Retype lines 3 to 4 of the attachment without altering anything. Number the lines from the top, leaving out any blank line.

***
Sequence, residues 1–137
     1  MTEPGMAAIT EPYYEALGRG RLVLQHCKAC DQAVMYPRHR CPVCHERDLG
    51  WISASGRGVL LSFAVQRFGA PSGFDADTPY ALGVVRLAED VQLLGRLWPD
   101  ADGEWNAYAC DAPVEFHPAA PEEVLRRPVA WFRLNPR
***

    51  WISASGRGVL LSFAVQRFGA PSGFDADTPY ALGVVRLAED VQLLGRLWPD
   101  ADGEWNAYAC DAPVEFHPAA PEEVLRRPVA WFRLNPR